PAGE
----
We left, past tea time (I blamed myself for a booking a dangerous appointment time). I’d declined to sort out the free second pair offer - that could wait until another day when I’d had chance to charge up my resolve, and she’d got some food in her belly.

I forked out a vision-blurring amount of money, and we headed home. And I had that thought, that selfish thought that I sometimes have, and hate myself for. I wished things were different. Simpler. That my 19-year-old girl could get herself kitted out with new specs like any other typical 19-year-old.

She’ll do something atypically delightful tomorrow, I know, that will make me laugh, and make me grateful and give me the joy that only she sparks. And my ugly wish will melt away. Because it is ugly. (It’s just struck me how weird it is how it sometimes surfaces over small things like an eye test - compared to the hospital scans and operations this is easy, beginners’ level stuff). 

Wishing she didn’t have PWS is pointless and reductive and I can’t wish it really, it’s not fair, because she wouldn’t be her, she wouldn’t BE without it. But I’ll know I’ve wished it all the same.



Song is Snowbird - All Wishes Are Ghosts

Sunday, 31 December 2017

Cope

She’s flying in the face of fashion now,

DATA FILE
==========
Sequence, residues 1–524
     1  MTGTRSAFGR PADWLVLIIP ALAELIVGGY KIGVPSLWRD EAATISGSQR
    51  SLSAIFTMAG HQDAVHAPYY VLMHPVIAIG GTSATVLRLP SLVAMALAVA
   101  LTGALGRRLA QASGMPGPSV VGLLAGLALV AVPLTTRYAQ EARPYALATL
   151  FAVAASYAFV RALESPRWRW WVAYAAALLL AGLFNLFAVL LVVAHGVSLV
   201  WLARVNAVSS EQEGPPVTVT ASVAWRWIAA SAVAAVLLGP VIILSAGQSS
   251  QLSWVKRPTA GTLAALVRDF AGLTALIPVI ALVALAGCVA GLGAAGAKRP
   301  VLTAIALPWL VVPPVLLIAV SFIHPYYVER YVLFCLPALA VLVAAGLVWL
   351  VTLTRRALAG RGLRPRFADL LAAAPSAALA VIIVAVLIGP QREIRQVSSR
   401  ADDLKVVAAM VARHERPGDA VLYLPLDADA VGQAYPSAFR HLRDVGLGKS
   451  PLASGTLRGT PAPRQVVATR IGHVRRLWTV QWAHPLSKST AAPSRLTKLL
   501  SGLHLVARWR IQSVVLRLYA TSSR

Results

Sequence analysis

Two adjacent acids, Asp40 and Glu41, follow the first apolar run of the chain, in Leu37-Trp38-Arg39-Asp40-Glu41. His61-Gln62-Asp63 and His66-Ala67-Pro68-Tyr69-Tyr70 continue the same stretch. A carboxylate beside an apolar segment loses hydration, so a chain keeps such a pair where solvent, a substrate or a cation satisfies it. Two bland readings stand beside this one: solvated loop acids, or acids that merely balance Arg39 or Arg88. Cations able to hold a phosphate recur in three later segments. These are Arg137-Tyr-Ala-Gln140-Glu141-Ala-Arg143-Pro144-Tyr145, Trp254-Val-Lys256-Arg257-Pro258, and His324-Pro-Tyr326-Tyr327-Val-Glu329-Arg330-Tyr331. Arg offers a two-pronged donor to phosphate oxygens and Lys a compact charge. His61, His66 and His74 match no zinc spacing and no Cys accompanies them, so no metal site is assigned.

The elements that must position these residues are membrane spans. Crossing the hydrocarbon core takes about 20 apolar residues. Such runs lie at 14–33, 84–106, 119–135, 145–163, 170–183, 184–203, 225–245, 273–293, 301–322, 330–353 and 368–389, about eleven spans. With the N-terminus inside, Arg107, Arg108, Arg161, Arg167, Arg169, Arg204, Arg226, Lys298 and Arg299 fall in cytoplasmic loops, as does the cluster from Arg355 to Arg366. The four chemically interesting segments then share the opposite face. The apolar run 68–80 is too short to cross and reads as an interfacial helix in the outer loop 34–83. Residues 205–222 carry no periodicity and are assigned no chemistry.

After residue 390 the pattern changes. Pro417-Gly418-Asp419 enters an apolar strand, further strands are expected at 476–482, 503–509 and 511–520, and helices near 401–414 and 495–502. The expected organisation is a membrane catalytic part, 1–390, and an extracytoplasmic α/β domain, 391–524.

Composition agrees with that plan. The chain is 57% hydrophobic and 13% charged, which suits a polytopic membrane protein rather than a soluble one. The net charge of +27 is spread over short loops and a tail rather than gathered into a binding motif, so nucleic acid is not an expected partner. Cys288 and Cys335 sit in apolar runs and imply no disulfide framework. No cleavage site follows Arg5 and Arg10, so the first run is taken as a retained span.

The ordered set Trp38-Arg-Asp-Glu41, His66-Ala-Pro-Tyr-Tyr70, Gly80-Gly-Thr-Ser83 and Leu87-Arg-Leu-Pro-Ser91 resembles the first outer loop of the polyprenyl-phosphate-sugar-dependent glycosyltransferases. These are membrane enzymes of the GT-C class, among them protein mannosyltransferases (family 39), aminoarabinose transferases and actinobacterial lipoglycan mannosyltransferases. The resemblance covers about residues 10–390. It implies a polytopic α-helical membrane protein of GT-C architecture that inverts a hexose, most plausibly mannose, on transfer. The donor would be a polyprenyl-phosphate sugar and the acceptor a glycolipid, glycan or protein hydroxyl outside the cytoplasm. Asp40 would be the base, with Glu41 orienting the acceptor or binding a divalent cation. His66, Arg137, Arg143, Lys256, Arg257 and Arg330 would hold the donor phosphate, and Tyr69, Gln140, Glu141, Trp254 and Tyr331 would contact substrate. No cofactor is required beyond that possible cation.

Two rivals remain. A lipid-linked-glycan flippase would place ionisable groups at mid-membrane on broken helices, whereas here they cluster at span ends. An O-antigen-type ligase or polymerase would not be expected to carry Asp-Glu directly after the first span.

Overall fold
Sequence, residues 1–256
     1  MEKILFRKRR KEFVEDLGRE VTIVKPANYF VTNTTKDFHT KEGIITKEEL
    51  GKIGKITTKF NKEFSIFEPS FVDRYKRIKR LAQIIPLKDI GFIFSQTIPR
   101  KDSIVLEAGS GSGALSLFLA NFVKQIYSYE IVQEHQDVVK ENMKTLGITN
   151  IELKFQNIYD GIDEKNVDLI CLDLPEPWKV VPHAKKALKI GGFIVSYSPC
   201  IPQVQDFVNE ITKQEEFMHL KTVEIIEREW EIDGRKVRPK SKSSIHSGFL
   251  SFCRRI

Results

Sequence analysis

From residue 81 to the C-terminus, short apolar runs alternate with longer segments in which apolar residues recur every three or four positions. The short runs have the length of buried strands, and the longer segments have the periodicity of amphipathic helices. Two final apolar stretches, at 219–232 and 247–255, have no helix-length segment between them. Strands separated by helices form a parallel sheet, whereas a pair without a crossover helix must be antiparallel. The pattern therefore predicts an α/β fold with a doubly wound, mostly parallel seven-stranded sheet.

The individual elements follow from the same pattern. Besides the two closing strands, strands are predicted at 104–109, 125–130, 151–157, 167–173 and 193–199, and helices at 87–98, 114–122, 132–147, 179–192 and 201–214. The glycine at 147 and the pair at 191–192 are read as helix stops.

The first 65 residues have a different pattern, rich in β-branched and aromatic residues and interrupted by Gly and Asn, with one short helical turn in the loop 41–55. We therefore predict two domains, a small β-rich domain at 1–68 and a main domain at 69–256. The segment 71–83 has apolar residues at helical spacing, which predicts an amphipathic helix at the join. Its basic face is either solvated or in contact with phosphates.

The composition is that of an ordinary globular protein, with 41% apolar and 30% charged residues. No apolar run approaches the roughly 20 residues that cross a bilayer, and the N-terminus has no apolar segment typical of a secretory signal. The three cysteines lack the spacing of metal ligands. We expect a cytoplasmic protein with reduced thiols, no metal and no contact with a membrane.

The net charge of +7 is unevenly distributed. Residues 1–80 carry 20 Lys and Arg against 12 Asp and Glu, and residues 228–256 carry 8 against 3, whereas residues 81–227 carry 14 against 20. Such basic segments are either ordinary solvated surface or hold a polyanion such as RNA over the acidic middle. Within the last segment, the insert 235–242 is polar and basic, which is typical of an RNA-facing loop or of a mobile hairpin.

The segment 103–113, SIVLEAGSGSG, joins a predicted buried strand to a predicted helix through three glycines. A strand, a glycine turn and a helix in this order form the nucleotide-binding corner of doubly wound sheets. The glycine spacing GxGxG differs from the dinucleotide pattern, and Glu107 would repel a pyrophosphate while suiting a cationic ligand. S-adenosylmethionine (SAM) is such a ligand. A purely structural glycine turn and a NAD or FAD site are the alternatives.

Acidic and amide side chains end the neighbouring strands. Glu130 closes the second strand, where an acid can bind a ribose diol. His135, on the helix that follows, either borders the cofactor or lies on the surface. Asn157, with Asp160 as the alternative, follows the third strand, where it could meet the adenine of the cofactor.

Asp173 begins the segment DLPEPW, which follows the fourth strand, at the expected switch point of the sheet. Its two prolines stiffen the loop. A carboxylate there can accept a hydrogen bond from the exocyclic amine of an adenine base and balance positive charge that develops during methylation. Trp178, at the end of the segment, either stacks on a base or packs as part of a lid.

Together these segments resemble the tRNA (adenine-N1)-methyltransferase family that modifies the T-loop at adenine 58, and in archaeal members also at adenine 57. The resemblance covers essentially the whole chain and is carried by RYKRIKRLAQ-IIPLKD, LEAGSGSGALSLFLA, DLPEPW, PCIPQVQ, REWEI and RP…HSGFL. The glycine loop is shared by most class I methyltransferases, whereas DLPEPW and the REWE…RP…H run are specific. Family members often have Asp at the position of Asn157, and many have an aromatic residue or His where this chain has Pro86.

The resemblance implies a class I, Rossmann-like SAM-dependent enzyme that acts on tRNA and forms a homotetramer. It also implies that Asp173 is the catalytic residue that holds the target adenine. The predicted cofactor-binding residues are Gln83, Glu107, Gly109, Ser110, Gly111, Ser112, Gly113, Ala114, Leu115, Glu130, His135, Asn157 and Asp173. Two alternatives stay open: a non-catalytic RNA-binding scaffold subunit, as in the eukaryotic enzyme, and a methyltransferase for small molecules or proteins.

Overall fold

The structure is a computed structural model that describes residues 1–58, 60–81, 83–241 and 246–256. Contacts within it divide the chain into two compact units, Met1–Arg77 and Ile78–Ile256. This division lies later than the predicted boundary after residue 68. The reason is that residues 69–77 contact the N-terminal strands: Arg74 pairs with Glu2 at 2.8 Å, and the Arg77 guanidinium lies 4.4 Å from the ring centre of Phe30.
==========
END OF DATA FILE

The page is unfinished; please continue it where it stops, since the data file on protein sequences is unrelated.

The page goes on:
Seems to have a will of her own.

I’ve always liked Sir Julian Of Cope’s World Shut Your Mouth. It’s a meat and potatoes stomper, but a hell of a catchy one. I remember watching JC perform it on Top Of The Pops in the 80s, all dark sunglasses and gangly, leather-clad limbs, writhing around on his special step-on-and-off microphone stand like some kind of demented (and possibly constipated) bat.

It’s got a new life for me now, since it featured in the BBC drama The A-Word. The programme features a family with a young autistic boy, who is obsessed with his dad’s record collection, listening and singing along to a plethora of indie, rock, punk and new wave tracks.

It’s my daughter’s new favourite song from her new favourite show. She loves the drama because she’s fascinated with other people’s syndromes and disabilities, and because her syndrome shares some traits with autism (or ‘oysterism’ as she often pronounces it). And she loves the song because she thinks it’s a bit rude, what with the lyrics telling the world to shut its mouth. “He should say shush, shouldn’t he?” she asked me. And that's not easy to say - trust me, I tried it after a couple of gins.

She also told me: “I’m a bit like Joe in the A-Word, mum, because I can calm down if I’m worried by listening to music."

“I’m the same,” I admitted. Although I didn’t mention quite how much more calming I find the rather impressively curated ‘A-Word Playlist’ compared to the previous ninth circle of hell - her ‘Favourite Tracks’ selection, which included One Direction and The Macarena. No-one deserved that, least of all me.

She’s flying in the face of fashion now, 
Seems to have a will of her own.


Keep on flying, my girl.



Video is my daughter - World, Shush Please.



Video is Julian Cope - World Shut Your Mouth

Monday, 25 December 2017

Midnight